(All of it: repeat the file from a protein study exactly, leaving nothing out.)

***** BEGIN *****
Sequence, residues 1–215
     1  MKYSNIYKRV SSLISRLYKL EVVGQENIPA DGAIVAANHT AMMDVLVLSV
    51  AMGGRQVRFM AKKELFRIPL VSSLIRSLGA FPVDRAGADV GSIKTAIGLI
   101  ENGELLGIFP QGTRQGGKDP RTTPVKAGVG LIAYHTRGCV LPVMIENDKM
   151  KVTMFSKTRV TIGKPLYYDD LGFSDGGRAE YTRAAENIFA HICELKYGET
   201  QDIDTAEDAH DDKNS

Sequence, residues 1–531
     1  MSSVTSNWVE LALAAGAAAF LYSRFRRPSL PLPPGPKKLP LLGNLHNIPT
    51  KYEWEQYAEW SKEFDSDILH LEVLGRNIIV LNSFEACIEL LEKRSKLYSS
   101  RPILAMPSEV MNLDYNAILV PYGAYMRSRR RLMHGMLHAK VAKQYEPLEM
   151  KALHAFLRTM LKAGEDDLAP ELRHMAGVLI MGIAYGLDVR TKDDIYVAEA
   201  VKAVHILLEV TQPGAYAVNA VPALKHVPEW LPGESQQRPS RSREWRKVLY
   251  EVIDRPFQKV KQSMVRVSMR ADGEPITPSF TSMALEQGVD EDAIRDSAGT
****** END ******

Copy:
Sequence, residues 1–215
     1  MKYSNIYKRV SSLISRLYKL EVVGQENIPA DGAIVAANHT AMMDVLVLSV
    51  AMGGRQVRFM AKKELFRIPL VSSLIRSLGA FPVDRAGADV GSIKTAIGLI
   101  ENGELLGIFP QGTRQGGKDP RTTPVKAGVG LIAYHTRGCV LPVMIENDKM
   151  KVTMFSKTRV TIGKPLYYDD LGFSDGGRAE YTRAAENIFA HICELKYGET
   201  QDIDTAEDAH DDKNS

Sequence, residues 1–531
     1  MSSVTSNWVE LALAAGAAAF LYSRFRRPSL PLPPGPKKLP LLGNLHNIPT
    51  KYEWEQYAEW SKEFDSDILH LEVLGRNIIV LNSFEACIEL LEKRSKLYSS
   101  RPILAMPSEV MNLDYNAILV PYGAYMRSRR RLMHGMLHAK VAKQYEPLEM
   151  KALHAFLRTM LKAGEDDLAP ELRHMAGVLI MGIAYGLDVR TKDDIYVAEA
   201  VKAVHILLEV TQPGAYAVNA VPALKHVPEW LPGESQQRPS RSREWRKVLY
   251  EVIDRPFQKV KQSMVRVSMR ADGEPITPSF TSMALEQGVD EDAIRDSAGT